When you’re in your 20s, it’s important for everyone to think you are having a great time no matter what you’re doing and there is no better way to convince everyone of that fact than by taking pictures of yourself doing everything from drying your hair in a flirty fashion to drinking a beer near the bumper of someone’s car. You must have at least 20 pictures of yourself wearing college gear (even if you do not go to said college), 100 where you look like you’re “dressed down” and just hanging out (even though it took you 20 minutes to primp for each picture), and 500 group shots with people you don’t really know but have friended on Facebook just so that you can tag each person (including pets).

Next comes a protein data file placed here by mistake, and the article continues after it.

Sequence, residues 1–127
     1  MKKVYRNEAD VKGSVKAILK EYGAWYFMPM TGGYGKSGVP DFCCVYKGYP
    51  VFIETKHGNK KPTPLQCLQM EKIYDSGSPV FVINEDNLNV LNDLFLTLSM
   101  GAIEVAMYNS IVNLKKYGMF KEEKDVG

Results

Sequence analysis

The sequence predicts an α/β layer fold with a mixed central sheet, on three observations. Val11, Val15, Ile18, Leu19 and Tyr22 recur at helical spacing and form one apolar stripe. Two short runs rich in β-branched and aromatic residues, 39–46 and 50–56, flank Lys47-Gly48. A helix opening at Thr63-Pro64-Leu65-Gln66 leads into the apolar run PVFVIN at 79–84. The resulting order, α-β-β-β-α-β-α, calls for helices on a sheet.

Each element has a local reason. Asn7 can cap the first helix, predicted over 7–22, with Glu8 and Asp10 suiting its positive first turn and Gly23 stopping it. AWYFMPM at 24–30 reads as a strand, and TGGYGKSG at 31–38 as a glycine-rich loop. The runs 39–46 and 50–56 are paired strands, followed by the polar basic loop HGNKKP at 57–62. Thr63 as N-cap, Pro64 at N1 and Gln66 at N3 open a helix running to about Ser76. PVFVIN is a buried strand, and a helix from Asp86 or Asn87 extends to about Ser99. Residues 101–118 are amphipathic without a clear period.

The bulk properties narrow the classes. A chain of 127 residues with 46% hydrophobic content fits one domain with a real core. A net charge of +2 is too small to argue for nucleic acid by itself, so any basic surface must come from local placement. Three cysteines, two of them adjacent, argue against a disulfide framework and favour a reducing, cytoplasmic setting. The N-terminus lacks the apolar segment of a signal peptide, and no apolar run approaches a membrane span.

The 75 profile pictures you have were taken by you, with your own phone, as you stood in the mirror, sat in your car at a stop light, stood in line at Starbucks for your Mocha Frappuccino and sat in your airline seat on your way to Spring Break 2012 (woo-hoo!). Each photo is flattering both in light and angle and it appears that you walk around with a professional staging crew to capture these Kodak Moments (if you’re reading this and you’re in your 20s, I’m betting you don’t even know what a “Kodak Moment” is).
Your status updates go something like “having a great time with ____ and _____! BFFs!” or “some people are just rude. U know who u r.” You have occasional political insight and, if you’re a girl, post things about the football game that’s on so that you seem like you know what you’re talking about when the guy you like looks at your profile.
As far as Facebook goes, life is perfection.